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Published May 21, 2018

It has been a busy weekend in the visual novel world. If you’ve been following along, the narrative goes something like this. Valve, pressured by extreme conservative factions, have begun to target visual novels because some of them are too sexy. The push back on this Waifu/Anime Titty Holocaust (we’ll get to that) was near immediate and caused Valve to reconsider their position. As of the release of this video, all the developers and publishers that were asked to remove content from certain games have contacted again, asking them to ignore it as Valve reconsidered their position. Seems like a victory for free speech against the tyrannical fist of traditional values…right?

Here’s the thing with me. My immediate reaction whenever anyone tries to rile up my emotions and get me to act is to hit the brakes as hard as I can. Nothing good can come from letting yourself be dragged around by your emotions and that is what happened this weekend to a lot of well-meaning people. And now that the dust is beginning to settle, most of the actual questions around this issue have been, for lack of better words; buried. We don’t know why Valve chose the games it chose in the first place and we do not know what this says about their future strategy for the platform. And if we do not know why it happened this time, there is nothing to warn us about it from happening again.

Maybe we’ll get those answers, but for now my focus is clearing out the dirty air that has been kicked up over the weekend. My hope is by doing so, we can focus on the issue at hand with clear logic instead of trying to emote our way to solutions: because the worldwide record of that working is in the negatives. To help facilitate this process, I want to focus on a few key questions that I think will help in the long-run:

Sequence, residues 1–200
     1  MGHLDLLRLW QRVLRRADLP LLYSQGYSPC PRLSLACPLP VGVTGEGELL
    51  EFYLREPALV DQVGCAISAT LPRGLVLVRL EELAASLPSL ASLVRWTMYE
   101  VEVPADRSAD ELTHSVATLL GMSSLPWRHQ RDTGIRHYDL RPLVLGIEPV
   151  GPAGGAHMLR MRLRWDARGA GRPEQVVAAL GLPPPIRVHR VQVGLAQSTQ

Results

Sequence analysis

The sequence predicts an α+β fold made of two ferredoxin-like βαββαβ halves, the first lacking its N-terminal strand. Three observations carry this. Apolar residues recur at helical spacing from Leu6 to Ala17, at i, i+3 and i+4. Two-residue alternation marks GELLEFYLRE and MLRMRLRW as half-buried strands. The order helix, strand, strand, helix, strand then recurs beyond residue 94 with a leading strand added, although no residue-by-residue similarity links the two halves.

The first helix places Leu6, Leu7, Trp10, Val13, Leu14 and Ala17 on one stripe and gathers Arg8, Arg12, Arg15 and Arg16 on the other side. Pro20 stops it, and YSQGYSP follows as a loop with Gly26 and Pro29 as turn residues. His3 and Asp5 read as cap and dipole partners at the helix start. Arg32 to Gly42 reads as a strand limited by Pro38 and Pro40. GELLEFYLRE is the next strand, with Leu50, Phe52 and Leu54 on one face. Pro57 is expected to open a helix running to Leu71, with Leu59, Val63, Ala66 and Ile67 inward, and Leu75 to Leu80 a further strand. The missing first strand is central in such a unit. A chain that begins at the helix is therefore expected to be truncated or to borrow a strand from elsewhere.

1. Is Valve targeting visual novels on Steam for removal?
  2. Who are the National Center on Sexual Exploitation?
  3. What’s the end game?

So, let’s start with Number 1: Is Valve targeting visual novels on Steam for removal? Well, the simple answer is No. As of today, there are seven visual novels that have received both the original and recent letter about edits to their game. Considering the sheer number of visual novels on the platform, we are to date talking about less than 5% of what’s on that platform. Even if you were to add the factor of sexuality or being ‘mature’, you’d still have to explain why the following titles still seem to be in good standing on Steam at the moment: